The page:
In Act III John Proctor, Francis Nurse, and Giles Corey come to the court with what they think is strong enough evidence to prove that the girls are frauds. However, this point the court has already executed several convicted witches, and countless more have been imprisoned. Because of this the court is not open to hearing testimony that goes against their rulings.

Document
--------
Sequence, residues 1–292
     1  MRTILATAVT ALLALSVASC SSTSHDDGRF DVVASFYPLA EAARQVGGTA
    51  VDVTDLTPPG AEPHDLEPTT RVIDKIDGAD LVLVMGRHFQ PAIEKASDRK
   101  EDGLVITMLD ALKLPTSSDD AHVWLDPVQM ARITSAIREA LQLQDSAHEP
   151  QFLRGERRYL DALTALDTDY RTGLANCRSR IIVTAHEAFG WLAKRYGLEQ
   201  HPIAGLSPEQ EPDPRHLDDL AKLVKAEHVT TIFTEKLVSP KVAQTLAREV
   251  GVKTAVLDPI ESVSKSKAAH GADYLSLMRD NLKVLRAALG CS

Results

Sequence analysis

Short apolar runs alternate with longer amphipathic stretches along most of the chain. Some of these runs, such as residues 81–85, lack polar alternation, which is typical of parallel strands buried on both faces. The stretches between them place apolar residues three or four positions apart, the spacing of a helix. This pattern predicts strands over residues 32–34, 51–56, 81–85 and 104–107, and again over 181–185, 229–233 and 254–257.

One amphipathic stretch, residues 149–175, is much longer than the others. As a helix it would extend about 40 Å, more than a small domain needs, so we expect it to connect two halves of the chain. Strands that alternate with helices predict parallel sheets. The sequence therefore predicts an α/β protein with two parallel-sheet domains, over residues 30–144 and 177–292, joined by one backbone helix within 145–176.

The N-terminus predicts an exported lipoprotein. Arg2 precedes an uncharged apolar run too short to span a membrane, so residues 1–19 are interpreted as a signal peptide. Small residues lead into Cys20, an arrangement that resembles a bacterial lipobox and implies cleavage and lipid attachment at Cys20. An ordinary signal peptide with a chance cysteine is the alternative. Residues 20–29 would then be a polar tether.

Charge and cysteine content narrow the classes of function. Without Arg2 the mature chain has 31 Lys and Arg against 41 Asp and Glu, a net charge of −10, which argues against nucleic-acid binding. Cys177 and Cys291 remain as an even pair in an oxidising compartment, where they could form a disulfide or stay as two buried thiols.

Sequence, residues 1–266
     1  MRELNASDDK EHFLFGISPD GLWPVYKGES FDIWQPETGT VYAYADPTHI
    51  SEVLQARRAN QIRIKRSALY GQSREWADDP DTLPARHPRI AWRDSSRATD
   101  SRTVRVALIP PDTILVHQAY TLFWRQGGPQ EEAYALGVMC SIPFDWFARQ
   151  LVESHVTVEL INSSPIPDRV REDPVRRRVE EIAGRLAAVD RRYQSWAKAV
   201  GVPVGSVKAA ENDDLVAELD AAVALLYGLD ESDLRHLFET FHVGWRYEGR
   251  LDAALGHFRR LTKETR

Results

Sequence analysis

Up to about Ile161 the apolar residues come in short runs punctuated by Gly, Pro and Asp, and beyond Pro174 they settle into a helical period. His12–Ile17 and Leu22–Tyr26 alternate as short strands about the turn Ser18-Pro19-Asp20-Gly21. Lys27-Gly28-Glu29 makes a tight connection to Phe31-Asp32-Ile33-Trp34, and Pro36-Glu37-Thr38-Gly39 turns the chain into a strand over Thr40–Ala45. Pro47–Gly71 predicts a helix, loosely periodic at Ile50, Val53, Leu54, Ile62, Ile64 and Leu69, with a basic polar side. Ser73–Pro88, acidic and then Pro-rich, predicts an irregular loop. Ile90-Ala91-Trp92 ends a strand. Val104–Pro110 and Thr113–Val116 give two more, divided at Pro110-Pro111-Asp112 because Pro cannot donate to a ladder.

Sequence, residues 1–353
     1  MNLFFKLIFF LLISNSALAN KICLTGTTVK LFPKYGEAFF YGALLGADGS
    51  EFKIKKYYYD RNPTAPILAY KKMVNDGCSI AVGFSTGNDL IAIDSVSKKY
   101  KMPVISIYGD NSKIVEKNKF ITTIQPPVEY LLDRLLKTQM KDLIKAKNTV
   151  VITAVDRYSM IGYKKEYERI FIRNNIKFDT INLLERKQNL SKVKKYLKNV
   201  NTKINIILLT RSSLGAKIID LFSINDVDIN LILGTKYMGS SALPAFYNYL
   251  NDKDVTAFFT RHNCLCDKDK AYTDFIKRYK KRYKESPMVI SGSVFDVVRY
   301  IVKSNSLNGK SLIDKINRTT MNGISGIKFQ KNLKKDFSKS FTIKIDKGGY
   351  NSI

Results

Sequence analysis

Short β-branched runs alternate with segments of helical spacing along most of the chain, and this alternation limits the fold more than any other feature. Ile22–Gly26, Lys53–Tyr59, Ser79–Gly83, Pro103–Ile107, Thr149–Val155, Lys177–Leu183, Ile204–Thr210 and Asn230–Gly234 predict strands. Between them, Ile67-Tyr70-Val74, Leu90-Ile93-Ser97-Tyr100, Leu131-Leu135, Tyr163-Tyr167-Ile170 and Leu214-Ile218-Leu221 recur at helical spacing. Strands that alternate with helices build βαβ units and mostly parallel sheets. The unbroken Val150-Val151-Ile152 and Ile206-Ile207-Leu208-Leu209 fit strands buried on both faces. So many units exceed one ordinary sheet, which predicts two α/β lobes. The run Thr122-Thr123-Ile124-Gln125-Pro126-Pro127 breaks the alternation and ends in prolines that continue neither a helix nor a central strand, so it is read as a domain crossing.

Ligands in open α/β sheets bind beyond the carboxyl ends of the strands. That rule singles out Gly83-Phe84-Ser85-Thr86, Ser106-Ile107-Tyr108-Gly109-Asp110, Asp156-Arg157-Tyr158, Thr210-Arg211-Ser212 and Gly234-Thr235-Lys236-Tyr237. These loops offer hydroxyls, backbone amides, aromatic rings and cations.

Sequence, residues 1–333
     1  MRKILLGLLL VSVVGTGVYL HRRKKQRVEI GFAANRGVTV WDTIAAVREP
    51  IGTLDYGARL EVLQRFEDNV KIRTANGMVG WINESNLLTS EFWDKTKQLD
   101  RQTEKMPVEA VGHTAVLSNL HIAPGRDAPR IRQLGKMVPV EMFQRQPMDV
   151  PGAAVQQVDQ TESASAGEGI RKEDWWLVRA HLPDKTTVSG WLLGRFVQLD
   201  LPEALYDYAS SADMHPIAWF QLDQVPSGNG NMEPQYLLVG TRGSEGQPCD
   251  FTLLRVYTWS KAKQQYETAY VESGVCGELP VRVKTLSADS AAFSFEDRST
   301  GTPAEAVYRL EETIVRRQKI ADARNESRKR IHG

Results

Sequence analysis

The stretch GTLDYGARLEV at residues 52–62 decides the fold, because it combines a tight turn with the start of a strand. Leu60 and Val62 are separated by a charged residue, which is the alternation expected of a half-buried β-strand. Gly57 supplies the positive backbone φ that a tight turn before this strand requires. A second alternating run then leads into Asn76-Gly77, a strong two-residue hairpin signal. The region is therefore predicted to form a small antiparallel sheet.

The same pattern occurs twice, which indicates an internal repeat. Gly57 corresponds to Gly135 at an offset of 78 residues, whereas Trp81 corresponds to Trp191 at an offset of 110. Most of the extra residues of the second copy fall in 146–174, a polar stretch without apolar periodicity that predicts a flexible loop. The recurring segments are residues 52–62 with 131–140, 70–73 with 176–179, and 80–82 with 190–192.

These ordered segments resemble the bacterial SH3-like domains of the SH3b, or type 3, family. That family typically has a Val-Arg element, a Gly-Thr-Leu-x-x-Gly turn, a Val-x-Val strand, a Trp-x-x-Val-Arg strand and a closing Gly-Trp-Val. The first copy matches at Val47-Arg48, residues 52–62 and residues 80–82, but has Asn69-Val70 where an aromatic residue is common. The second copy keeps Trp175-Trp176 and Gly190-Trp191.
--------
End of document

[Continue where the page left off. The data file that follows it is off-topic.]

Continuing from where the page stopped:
Putnam is using the case as an attempt to gain land and power. Hale warns the courts to be careful with his testimony. He realizes Putnam is using the trial as a personal opportunity and not trying to save the girls from their affliction with witches.